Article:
other receptacles of the same kind, with gardens laid out in miniature taste, are to be found within the compass of two or three fields; together with Sadler's Wells, a small theatre for the summer evening exhibition of tumbling, rope-dancing, and other drolls, in vulgar style.” On the 15th of October 1807, Sadler's Wells theatre was the scene of a fearful catastrophe. A cry of “fire” having been raised, the terrified audience in the gallery made a simultaneous rush to the doors. The avenues becoming blocked up, several persons were crushed to

, death, while others, in a fit of desperation, flung themselves into the pit. No fewer than eighteen persons were killed, and several others were seriously injured.

At Sadler's Wells, in front of the Sir Hugh Myddleton Tavern, is laid the scene of Hogarth’s “Evening.” For many years the theatre was celebrated for its aquatic exhibitions, which were contrived by removing the boards from the stage, and introducing a flow of water from the New River. Here, also, for many years, the famous Grimaldi performed his inimitable antics. Under the auspices of, and by the refined taste of Mr. Phelps, Sadler's Wells theatre has been converted to worthier purposes, and is now deservedly popular with those who prefer the plays of Shakespeare and Massinger to a monster concert at Covent Garden, or an exhibition of horsemanship or wild beasts at Drury Lane.

Immortalized in the Spectator, and by Pope,



Gay, and Fielding, the once famous Hockley in the Hole, near Clerkenwell Green, would seem to require a passing notice. Little, however, need be said of it, but that, from the days of Charles the Second, nearly to our own time, it continued to be the favourite resort of those whose passion was bull-baiting, dog-fighting, and pugilistic encounters, not only between men, but between women; in fact, every vulgar diversion which tends to lower man to the nature of brutes.




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DESCENDING from Smithfield towards Holborn, on the left band is Cock Lane, the scene of the vagaries of the celebrated Cock Lane Ghost. The person, to whom the apparition was said to have presented itself, was a girl of twelve years of age, of the name of Parsons, the daughter of the parish clerk of St. Sepulchre, who resided in a wretched hovel, since demolished, about half way down Cock Lane, on the north side. The ghost was said to be that of a young lady, who had been poisoned by her husband, and who lay buried in the vaults of the church of St. John, Clerkenwell.

The extraordinary sensation created by this impudent imposition, and the credulity of persons of all ranks of society, almost exceed belief. IIorace Walpole writes to George Montagu, on the 2d of February 1762, “I went to hear the ghost, for it is not an apparition, but an audition. We set out from the Opera, changed our clothes at Northumberland House, the Duke of York, Lady Northumberland, Lady Mary Coke, Lord Hertford, and I, all in one hackney coach, and drove to the spot; it rained torrents, yet the lane was full of mob, and the house so full we could not get in; at last they discovered that it was the Duke of York, and the company squeezed themselves into one another's pockets, to make room for us. The house, which is borrowed, and to which the ghost has adjourned, is wretchedly small and miserable; when we opened the chamber, in which were fifty people, with no light but one tallow candle at the end, we tumbled over the bed of the child to whom the ghost comes, and whom they are murdering by inches, in such insufferable heat and stench. At the top of the room are ropes to dry clothes. I asked if we were to have rope-dancing between the acts? We had nothing. They told us, as they would at a puppetshow, that it would not come that night till seven in the morning, that is, when there are only 'prentices and old women. We stayed, however, till half an hour after one. The Methodists have promised them contributions; provisions are sent in like forage, and all the taverns and alehouses in the neighbourhood make fortunes.” The affair of the gbost story ended in the detection and punishment of the persons concerned in it. Boswell mentions, that Dr. Johnson took great credit to himself for the share which he had in exposing the imposition.*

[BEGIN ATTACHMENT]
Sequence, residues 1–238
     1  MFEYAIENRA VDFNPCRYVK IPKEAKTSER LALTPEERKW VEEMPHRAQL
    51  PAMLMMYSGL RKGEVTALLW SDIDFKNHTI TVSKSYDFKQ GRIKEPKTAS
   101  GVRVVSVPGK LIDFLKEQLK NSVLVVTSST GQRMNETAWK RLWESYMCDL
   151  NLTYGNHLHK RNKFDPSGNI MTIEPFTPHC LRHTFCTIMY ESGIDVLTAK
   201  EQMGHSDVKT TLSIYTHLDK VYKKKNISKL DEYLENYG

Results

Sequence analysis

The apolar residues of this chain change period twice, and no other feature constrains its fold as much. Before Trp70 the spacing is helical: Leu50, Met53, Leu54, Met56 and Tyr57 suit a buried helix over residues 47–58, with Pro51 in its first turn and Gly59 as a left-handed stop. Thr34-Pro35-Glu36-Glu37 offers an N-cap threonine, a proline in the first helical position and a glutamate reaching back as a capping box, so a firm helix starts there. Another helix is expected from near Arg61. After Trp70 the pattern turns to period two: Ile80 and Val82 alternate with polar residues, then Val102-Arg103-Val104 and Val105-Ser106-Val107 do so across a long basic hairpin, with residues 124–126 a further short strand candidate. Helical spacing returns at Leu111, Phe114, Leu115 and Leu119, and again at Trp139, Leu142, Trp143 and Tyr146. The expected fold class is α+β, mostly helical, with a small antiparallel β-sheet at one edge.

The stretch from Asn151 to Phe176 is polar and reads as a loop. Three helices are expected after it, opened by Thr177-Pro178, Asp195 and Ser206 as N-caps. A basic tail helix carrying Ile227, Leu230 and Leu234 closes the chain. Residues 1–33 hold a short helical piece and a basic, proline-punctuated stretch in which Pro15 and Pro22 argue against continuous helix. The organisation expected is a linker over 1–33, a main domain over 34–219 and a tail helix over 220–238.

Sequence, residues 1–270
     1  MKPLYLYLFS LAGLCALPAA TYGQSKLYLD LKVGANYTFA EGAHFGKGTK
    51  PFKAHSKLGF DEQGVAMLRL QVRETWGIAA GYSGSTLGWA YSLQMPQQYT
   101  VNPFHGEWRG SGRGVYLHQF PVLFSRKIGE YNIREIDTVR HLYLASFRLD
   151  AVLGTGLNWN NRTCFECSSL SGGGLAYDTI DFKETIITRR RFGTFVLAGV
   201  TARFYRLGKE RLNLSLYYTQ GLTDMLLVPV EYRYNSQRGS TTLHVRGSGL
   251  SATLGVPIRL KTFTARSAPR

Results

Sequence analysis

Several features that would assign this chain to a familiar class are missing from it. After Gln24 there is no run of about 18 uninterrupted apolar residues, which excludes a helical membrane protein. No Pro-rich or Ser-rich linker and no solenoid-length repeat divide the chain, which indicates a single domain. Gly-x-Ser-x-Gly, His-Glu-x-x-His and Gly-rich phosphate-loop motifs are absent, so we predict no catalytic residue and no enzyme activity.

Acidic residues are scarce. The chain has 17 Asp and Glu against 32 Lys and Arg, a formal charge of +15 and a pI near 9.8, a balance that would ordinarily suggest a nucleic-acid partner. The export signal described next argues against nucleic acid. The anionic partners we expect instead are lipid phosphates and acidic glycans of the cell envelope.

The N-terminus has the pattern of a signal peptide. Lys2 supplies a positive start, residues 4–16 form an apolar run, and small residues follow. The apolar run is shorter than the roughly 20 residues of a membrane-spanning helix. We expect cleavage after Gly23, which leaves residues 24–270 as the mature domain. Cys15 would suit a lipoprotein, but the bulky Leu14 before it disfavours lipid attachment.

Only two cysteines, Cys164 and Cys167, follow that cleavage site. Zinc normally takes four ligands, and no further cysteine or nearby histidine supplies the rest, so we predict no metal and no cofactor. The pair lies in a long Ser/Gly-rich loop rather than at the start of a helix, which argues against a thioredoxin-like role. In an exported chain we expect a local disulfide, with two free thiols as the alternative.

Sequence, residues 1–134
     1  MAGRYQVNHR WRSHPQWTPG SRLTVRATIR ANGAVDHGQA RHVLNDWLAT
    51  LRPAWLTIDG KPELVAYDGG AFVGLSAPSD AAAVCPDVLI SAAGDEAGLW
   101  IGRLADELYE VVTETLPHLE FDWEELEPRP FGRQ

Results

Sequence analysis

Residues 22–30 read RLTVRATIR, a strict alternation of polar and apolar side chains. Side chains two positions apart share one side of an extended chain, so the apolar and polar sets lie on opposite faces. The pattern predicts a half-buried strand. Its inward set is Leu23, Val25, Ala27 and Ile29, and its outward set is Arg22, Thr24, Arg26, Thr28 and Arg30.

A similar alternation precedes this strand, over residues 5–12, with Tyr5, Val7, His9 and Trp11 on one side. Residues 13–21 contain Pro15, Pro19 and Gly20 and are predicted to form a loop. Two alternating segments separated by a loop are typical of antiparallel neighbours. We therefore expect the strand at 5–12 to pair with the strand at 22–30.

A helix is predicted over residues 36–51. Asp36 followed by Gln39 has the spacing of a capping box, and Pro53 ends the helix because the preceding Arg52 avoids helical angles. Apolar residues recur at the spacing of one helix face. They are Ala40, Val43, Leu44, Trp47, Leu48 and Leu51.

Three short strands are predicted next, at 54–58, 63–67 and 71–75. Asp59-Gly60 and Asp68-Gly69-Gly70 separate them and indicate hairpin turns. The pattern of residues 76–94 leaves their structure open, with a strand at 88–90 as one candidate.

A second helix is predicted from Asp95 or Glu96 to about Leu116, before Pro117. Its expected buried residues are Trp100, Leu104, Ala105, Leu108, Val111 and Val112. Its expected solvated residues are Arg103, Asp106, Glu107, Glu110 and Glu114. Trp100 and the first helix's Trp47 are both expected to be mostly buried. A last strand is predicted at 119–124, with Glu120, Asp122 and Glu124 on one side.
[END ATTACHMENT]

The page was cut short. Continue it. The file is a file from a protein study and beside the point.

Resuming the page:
The somewhat steep descent of Snow Hill leads us into Holborn, which derives its name from the Saxon words, old bourne, or old river.

The great painter, Vandyke, was one day passing down Snow Hill, when his attention was attracted by a picture which was exposed for sale in one of the shop-windows. Struck with its merits, he made enquiries respecting the artist, who, he was informed, was then employed at his easel, in a miserable apartment in the attics. Vandyke ascended the stairs; and thus took place his first introduction to William Dobson, then a young man unknown to fame, but whose celebrity as a portrait-painter was afterwards second only to that of Vandyke. The great artist generously released him from a condition so unworthy his merits, and subsequently introduced him to Charles the First, who, after the death of Vandyke, conferred on him the appointments of Sergeant-painter, and Groom of the Chamber. His prosperity, however, lasted but a short time. The decline of the royal cause, and his own addiction to a life of pleasure, occasioned his falling into difficulties, and to his being thrown into gaol. From hence, he was released by the generosity of a Mr. Vaughan, of the Exchequer; but he died shortly afterwards, at the early age of thirty-six.

At the sign of the “Star” on Snow Hill, then the residence of his friend Mr. Strudwick, a grocer,

* See Croker’s “ Boswell,” p. 138, 585. Ed. 1840.

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